Tag: Applied Creativity

20
May

The Power of Your Mind 1952

We love and respect innovation history. In the marketplace, we see some experts running around claiming to have invented everything from integrative thinking to various forms of innovation. To us, such claims are nonsense. We all stand on the shoulders of many smart folks who contributed much before us. Let’s respect that.

Sure, we have updated, extended, and changed much of what was done historically, integrating new knowledge, methods, and tools to address contemporary needs, but there is a lot we can learn from the various streams of innovation history.

With so much hype around innovation and creativity today, we find it useful to be aware, at a deeper level, of the history of innovation, applied creativity, creative problem solving, and design thinking. There are many overlaps in the history that are quite amazing, in retrospect.

Pictured here is a gem from the Humantific Collection. This terrific, little booklet by Alex Osborn, entitled The Power of Your Mind, was published an astonishing 59 years ago, in conjunction with his book Wake Up Your Mind (also published in 1952).

In the historical publications, one can see early acknowledgement of numerous challenges that many organizations and societies still grapple with today.

Like time capsules, the early publications on the subject of applied creativity reveal the optimism of the post-World War II era—a focus on encouraging imagination, and the application of creativity in an American business context.

In 1952, Osborn wrote, “Exercise your imagination—the more creative you become, the more you will get out of life.”

It’s not difficult to see that, as early as the 1940’s, thought leaders were trying to make the case that American business schools, and schools in general, get more serious about teaching, and encouraging imagination and creative thinking. Evidently, many educational institutions, including the business schools, did not listen to that message for a very long time.

Also revealed in the historical creative problem solving materials are the societal stereotypes of that era. In the early publications, women were often depicted as housewives engaged in creative domestic work, while men were often depicted as business-oriented workers not making effective use of their imaginations.

“Many housewives work their imaginations more than their husbands do.”

Apart from the stereotypes that now seem comical, what is interesting to see is the view into a simpler world, the emphasis on idea finding in the context of product objects, and orientation towards engineering or science. Also fascinating to see is how little some of the problems around changing behaviors, in the direction of innovation, have changed since Alex Osborn, Sidney Parnes, and others began writing about the subject decades ago.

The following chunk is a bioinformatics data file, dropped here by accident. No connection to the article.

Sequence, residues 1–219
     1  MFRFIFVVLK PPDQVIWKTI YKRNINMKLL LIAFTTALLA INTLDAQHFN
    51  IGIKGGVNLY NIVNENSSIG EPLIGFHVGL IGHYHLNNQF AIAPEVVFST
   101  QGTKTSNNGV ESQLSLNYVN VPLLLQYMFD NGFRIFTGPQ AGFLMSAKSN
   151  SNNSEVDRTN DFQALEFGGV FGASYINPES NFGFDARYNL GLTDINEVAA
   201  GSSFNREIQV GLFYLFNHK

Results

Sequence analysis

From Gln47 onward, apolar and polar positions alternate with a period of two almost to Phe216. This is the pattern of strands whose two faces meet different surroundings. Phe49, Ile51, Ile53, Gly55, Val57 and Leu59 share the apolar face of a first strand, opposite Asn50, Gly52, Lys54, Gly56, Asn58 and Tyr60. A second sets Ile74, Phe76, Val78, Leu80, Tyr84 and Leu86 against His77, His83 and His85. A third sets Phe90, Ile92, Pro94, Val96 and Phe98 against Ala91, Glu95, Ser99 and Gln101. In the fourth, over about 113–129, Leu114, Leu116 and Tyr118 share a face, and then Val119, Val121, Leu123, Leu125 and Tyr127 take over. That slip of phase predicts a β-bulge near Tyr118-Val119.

Today, organizational leaders face a vastly more complicated world in a state of constant change. Those engaged, today, in driving organizational change or innovation-enabling understand that many organizations have built judgment-dominated cultures, and simultaneously wonder why no innovation is occurring. How to create more balanced, more innovative cultures remains among the top ten most-encountered organizational business challenges even today.

Here is a small sample of Alex Osborn’s 1952 commentary on the subject:

“The thinking mind finds it easier to judge than to create. Nearly all of our education tends to develop our critical faculty. And our experience likewise builds up our judgment…The more we exercise our judgment, the less likely we are to exercise our imagination. By overuse of our judicial power we may even cramp our creative power.”

“Loss of imagination can be even more deplorable than loss of musculation… We can get along with less brawn in our later years but to surmount the obstacles which age piles in our paths we need more than seasoned judgment, we need well trained imagination.”

“When it comes to business, ideas are almost everything. Their value can often exceed that of any asset on any financial statement.”

Also, in the early 1950-era materials, one can see concern expressed that America was losing its creative edge—perhaps a timeless topic!

“There are many signs that Yankee ingenuity is on the wane — not because we are born with less creative talent, but because we no longer try hard enough to use the talent that is in us… Our softer living numbs our sense of enterprise and deadens our creative spirit.”

With the internet now enabling global interaction, and with it built-in judgment functionality, we are interested in how present-day and emerging technologies might serve to repair, balance, and address several deeply rooted human innovation challenges that have existed for generations.

Being aware of the history of education and innovation helps us and our client partners think about such issues in a context beyond the flavor trend of the moment.

Image Source: The Power of Your Mind. Chicago: National Research Bureau, 1952. Humantific Collection, New York.

(Originally posted in June 2009. Its a classic!)

05
May

Thoughts on AIGA’s One Day For Design

Since a lot of what we do here at Humantific is upstream strategy cocreation with organizations as part of changemaking initiatives, we were somewhat puzzled to see how AIGA (formerly American Institute of Graphic Arts), a professional graphic design association seeking to reposition itself, undertook a one day Twitter event on April 13th entitled “One Day For Design” (1D4D). The session was promoted with intriguing prompters including “What if you had one day to alter the future of design”.

From a cocreation perspective we could not help but notice that the 1D4D event seemed to contain a veritable smorgasbord of large scale, highly complex, some might say conflicting framing messages. This entanglement seemed to be combined with additional mixed messages around what the dialogue type was intended to be. How the complexity of the subject to be addressed and the intended dialogue type connected to the technology platform chosen was of equal mystery.